Every time somebody says they found bones, I always hope it’s him’
CBC News Posted: Jun 19, 2016
Evelyn Simpson hasn’t seen or heard from her son in eight years.
At this point, she thinks he’s dead.
“That’s the worst feeling, not knowing,” Simpson said. “Every time somebody says they found bones, I always hope it’s him so I can have a decent burial.”
‘Every time somebody says they found bones, I always hope it’s him so I can have a decent burial.’– Evelyn Simpson
What’s been almost as painful for the Edmonton woman, who is now 70 years old, is the indifference she said she’s been met with as she tries to find out her son’s fate.
Jason Freedom Adam was visiting his mother in the city on the night of Oct. 21, 2007, when he disappeared.
He was 29 years old.
Adam had been living in Lac La Biche, but he liked to come and check up on Simpson. He knew people in Edmonton and went out for a bit that night.
“‘I’ll be right back, he told me,’ ” Simpson said.
It wasn’t true.
When Adam didn’t return, Simpson contacted police. She said officers paid her a handful of visits in the weeks after she reported Adam missing. But then they stopped coming around.
Simpson said she can’t help but wonder if her son’s Indigenous heritage — he was from Fond Du Lac Denesuline First Nation in Saskatchewan — played a part. Especially given the fact that she acknowledged he associated with people who might be described as living high-risk lifestyles.
But Simpson hasn’t given up her search for answers.
“I’m just looking, looking, looking,” Simpson said. “I’m going to keep looking til the day I die.”
That’s because Adam was Simpson’s son.
And that’s because Adam had sons of his own who have been growing up without a father.
‘There definitely needs to be more awareness’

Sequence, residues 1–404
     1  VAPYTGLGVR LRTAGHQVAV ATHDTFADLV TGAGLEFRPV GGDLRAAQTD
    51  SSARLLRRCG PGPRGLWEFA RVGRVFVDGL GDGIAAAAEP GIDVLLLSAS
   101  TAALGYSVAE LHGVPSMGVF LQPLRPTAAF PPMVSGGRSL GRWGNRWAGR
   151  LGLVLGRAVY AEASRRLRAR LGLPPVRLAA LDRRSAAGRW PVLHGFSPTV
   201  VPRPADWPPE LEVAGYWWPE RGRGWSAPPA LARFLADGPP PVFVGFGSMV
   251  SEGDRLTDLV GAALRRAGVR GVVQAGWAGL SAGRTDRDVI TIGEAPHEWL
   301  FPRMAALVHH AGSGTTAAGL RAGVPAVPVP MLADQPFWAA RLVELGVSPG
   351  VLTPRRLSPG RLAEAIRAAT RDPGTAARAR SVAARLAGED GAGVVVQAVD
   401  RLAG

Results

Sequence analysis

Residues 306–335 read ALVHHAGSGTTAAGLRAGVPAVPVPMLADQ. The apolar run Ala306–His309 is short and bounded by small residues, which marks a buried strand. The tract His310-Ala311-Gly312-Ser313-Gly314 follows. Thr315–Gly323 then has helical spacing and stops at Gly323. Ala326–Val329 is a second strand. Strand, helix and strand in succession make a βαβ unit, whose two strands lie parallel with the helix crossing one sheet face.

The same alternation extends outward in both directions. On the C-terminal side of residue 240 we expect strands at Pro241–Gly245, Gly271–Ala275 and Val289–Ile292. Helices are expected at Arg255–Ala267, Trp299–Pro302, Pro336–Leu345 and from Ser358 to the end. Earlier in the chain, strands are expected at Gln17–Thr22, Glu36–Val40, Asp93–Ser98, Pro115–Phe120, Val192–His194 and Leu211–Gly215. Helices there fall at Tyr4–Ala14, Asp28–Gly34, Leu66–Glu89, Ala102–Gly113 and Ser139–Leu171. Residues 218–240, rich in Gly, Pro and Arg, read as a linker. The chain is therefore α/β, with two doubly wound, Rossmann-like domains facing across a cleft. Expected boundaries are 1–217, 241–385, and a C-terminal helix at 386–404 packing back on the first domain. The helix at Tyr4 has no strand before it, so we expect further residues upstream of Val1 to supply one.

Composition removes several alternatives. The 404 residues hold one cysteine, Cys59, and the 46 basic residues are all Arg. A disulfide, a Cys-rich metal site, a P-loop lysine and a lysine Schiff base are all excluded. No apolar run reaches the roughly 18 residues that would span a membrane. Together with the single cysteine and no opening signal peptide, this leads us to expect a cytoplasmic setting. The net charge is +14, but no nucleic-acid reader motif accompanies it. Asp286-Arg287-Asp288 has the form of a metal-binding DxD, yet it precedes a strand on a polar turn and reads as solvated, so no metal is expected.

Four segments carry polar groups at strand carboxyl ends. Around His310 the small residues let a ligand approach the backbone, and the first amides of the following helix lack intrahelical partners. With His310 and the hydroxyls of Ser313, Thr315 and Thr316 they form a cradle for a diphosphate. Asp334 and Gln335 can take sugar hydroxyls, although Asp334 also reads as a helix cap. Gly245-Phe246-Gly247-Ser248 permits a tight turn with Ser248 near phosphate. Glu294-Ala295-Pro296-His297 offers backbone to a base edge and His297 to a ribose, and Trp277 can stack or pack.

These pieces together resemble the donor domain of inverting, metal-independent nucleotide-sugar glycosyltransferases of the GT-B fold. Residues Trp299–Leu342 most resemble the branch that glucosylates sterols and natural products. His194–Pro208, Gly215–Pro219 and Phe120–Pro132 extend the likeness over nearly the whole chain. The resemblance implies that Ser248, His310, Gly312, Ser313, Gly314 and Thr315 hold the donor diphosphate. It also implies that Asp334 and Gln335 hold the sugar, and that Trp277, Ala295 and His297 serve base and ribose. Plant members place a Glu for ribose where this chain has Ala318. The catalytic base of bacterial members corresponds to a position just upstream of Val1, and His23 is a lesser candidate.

To raise awareness about missing and murdered Indigenous men and boys, a group of 20 people marched from Edmonton’s Churchill Square to Borden Park on Fathers Day.
It was the third annual Warriors Walk.
Organizer April Eve Wiberg, the founder of the Stolen Sisters and Brothers Awareness Movement, noted the attention to missing and murdered Indigenous women and girls in recent years and recent months.
‘There definitely needs to be more awareness of the missing men and boys and the murdered.’– Eve Wiberg
“Our voice was strong enough that it did reach the heads of government that it had to and everyone’s paying attention now to this very serious issue,” Wiberg said of the calls for an inquiry into missing and murdered Indigenous women, finally being answered.
But she said more needs to be done about missing and murdered Indigenous men, which make up about 70 per cent of Indigenous murder victims.
Indigenous men, like Indigenous women, are still subject to denigrating prejudice that can be traced back to colonial policies, including the residential school system. Couple that with perceptions about traditional gender roles.
“There’s many stereotypes out there, and lots of victim blaming going on and we want to help stop that,” Wiberg said.
“There definitely needs to be more awareness of the missing men and boys and the murdered.
“Many of the ones that have been taken from us, their homicides remain unsolved and they and their families deserve justice and answers just like everybody else.”